Robert Anderson opens the class by acknowledging the teaching of Steve Batts in this session at London Contact Improvisation. We are studying space and spatial arrangement.
We walk in the space of the sports hall at Caxton House. There is a circulation of people; weaving back-and-forth; in-and-out of the spaces between us; and between the walls of the hall. The spaces are opening and closing as people move. Robert draws our attention to our feet and the feel of the ground beneath them; to our surface – our skin; we are ‘bags of skin’ he says.
In the space
At one point, he asks us to follow another person. Later, I reflect that the consequence of this simple direction is closing the space between us – the dancers. The dancing crowd becomes denser. Looking-from-a-far then this would be very noticeable but being in the crowd, I am more concerned with the people around me and their movement than our arrangement in the hall.
We move in the space of the hall. Robert gives us direction: if you see someone stop moving then you stop moving too. When a person stops then it takes a time for the stopping – the non-movement – to ripple through the crowd of dancers. It’s contagion. Mischievously, I stop quite soon after we start walking again. No one seems to not start moving though i.e. stay static. But I can’t see equally in all directions and if I could then this ‘dance’ would be different. Again – to an onlooker – this dance must seem very different to how we – the dancers in the dance – are seeing and feeling it.
Robert says space can be:
- Weather like We are like the chaotic movement found in weather systems. We have been a weather system in the above exercises.
- Architectural Most dance is architectural. Does Robert mean that we think of ourselves – our body as architectural; or the arrangement of bodies in a group, as architectural? Or both?!
- Social space I interpret this as the social interrelations between us which are conceptual or physiological in nature rather than physical closeness.
Arrangement of space
Levels / Vertical space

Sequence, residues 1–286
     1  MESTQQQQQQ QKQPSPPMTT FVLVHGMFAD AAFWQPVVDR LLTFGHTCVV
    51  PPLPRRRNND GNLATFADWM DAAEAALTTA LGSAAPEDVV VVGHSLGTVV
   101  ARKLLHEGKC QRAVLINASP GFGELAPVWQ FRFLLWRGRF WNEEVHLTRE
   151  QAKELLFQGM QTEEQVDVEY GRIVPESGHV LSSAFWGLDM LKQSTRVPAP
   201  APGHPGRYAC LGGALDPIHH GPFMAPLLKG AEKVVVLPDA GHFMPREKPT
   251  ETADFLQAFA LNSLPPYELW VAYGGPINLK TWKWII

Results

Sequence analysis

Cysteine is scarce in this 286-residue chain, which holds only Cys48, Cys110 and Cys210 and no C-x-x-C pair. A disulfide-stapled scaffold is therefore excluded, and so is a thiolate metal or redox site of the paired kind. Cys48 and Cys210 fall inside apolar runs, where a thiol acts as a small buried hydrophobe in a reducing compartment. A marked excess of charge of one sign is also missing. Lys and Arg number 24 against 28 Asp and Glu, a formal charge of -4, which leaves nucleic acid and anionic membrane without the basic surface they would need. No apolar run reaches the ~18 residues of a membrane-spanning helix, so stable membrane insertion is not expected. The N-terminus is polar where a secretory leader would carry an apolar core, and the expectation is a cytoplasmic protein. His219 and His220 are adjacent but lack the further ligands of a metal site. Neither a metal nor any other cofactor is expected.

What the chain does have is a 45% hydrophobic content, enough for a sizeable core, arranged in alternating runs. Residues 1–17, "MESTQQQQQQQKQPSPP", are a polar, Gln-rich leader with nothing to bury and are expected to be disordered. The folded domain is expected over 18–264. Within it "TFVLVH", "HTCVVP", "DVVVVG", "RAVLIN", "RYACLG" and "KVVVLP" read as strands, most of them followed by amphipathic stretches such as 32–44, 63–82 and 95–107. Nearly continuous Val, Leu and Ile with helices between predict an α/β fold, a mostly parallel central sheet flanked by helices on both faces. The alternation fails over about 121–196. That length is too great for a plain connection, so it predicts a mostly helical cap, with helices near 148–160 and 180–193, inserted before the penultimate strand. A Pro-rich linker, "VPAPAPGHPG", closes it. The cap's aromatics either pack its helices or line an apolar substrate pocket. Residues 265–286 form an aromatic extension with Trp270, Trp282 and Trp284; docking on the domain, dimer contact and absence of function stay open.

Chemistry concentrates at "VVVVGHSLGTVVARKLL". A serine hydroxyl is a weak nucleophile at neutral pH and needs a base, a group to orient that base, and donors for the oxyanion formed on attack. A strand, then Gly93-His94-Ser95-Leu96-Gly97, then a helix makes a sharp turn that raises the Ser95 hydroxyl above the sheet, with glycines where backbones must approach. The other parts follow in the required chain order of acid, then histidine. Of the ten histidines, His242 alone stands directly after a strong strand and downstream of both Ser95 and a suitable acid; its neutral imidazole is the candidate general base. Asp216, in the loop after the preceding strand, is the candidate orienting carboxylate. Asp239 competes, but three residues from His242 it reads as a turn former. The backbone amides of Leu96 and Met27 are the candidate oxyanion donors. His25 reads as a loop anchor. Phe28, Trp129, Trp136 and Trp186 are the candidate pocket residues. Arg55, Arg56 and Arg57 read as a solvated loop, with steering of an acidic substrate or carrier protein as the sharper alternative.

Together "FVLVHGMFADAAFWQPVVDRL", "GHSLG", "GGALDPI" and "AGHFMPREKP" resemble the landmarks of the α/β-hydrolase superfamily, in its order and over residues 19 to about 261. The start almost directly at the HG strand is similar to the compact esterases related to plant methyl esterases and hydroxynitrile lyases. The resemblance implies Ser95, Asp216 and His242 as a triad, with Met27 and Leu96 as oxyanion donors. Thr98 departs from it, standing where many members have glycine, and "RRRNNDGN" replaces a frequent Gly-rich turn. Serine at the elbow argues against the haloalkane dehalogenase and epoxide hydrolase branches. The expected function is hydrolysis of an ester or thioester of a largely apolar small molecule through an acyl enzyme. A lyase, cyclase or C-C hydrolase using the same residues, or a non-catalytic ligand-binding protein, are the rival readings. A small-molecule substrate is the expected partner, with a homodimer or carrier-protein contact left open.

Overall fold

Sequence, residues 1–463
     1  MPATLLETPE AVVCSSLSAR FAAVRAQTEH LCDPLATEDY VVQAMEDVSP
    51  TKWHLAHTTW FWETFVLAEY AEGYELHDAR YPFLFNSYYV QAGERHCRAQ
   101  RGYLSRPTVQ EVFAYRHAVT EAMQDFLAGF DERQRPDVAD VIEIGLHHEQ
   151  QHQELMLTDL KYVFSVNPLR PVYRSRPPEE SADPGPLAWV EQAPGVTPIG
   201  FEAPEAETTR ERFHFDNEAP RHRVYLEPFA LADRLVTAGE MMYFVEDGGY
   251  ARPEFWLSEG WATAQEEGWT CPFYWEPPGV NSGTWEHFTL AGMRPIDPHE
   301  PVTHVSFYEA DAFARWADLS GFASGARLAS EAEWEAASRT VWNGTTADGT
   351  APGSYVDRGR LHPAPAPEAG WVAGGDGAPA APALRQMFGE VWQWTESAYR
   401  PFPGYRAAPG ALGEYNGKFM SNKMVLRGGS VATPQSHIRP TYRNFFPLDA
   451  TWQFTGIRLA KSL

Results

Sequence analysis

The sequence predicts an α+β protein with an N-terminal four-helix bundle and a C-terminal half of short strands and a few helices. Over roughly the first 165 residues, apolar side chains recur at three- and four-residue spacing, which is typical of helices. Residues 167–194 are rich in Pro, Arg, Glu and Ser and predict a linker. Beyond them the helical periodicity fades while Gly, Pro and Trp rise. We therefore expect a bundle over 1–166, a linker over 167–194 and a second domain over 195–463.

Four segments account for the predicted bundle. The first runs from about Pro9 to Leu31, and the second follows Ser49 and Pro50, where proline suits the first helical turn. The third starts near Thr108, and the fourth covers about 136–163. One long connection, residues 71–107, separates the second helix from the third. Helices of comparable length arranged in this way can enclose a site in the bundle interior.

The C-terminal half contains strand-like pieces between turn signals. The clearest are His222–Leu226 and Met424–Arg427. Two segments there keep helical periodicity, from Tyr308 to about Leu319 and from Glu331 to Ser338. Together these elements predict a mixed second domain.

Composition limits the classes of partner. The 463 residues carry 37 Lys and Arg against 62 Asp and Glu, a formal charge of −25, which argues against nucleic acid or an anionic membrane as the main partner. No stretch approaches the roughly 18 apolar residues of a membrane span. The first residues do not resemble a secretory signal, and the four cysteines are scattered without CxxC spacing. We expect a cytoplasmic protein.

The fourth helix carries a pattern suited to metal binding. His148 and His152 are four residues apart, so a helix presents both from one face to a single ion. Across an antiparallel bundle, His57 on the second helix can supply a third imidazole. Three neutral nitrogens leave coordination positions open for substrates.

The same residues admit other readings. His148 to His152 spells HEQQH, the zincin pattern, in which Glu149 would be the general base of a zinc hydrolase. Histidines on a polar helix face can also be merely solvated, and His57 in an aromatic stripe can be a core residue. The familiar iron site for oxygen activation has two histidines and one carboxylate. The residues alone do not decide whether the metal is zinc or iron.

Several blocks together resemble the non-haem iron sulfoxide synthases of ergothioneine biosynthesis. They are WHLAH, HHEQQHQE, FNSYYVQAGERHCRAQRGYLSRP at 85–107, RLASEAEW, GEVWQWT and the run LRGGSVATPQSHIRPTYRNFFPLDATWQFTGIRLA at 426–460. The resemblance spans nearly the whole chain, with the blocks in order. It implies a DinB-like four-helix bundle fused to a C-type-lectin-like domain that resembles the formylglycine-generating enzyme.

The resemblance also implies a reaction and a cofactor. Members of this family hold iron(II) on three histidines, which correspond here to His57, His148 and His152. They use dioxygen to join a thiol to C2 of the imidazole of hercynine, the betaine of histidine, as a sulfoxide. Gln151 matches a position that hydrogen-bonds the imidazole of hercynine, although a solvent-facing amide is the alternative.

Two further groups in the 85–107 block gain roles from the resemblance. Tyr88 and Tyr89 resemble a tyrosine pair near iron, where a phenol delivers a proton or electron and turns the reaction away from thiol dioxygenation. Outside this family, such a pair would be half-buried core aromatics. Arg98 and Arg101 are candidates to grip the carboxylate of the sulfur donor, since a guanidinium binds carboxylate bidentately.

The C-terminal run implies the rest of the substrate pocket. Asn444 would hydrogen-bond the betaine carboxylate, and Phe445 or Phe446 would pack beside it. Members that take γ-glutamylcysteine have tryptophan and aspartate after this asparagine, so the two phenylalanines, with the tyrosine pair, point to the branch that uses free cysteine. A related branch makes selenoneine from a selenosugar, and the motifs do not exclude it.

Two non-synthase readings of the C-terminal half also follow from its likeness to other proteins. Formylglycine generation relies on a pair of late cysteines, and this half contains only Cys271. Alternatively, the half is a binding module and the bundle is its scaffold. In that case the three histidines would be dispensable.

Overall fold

There are six levels off the ground – horizontal levels – given by Robert but he says it’s possible to have many more – perhaps 27?!
- Floor level Literally lying on the ground with our limbs in contact with it: lying, sprawling, sliding on the ground.
- On all fours This is also known as ‘table’ or bench position with hands and knees on the floor. It’s the height which matters here.
- Crouched We have our feet on the ground but we are on our haunches. i.e our heels are touching our bottom.
- Not-quite-standing We are on our feet and we can walk but our posture is slightly crouched with shoulders forward.
- Standing We are are standing up-right, our feet on the ground and looking to the horizon.
- Flying Above the head – feet off the round!
We move between these levels (distance from the floor) and explore the freedom of movement in each. We partner-up and dance in a duet exploring the levels.
Distance / Horizontal space
We work with a partner.
One of the partners walks in the space while the other stands and looks to the horizon. They move into the line of sight of the standing person. The standing person brings their awareness to themselves and to how they are feeling when this happens. Perhaps there is a tightening in the torso when we sense them suggests Robert?
There are three distances from our partner given by Robert: far; near and close. The exact distance is a vague but we must work within the hall! Perhaps far is arms-length; near is within talking distance; far is shouting distance and beyond? We simply guess.
When I try this exercise then I don’t feel any different when my partner is at any of the distances! There is no fear after-all; no surprise; nothing in particular. Perhaps I am too used to dancing contact now?
Robert now suggests another three more gradations of distance which are much closer to our body; in fact, they ARE our body: skin (surface); flesh – tissues; and bone.
We explore these three with our partner in a contact improv. dance through touch. I say to my partner which of these I am exploring and ‘administer it’ to my partner. Generally, I use brushing for the skin; pressing or squeezing for the flesh – it’s the volume which I’m sensing; and for bone then more pressure. My partner says sliding (or ‘sluffing’) is another way of sensing too.
Exploring bone is easy for the head! Generally, I like this dance with it’s different levels of touch and sensing. Both partners are equally giving touch, and in a way which is more connected and intimate than many dances which I’d encounter in a jam.
After the class, I wonder why did we studied space in this way. Perhaps when we are aware of space and our arrangement in it then we can be more creative in its use? But equally, we weren’t aware of it in the way that an observer or onlooker might have seen it. We didn’t experience that, as onlookers: the outsider’s perspective.
Ekaterina Andreeva & Steve Batts dance contact improvisation
‘We danced as crasy. I was 18 years old. We invited different teachers from all the world and they brought contact improvisation to us. Now we are teaching already by ourselves. This is the dance with Steve Batts, a magician from Nothern Ireland. He told me once: “Stop fighting with the world” and it realesed all my tensions. We had a great dance.’ Ekaterin Andreeva
[Top Photo: Weather system – Maria Makes Landfall Over Dominica.
NOAA’s GOES-16 satellite captured this geocolor image of Hurricane Maria on the evening of September 18 2017, as it made landfall over Dominica. Credit: CIRA]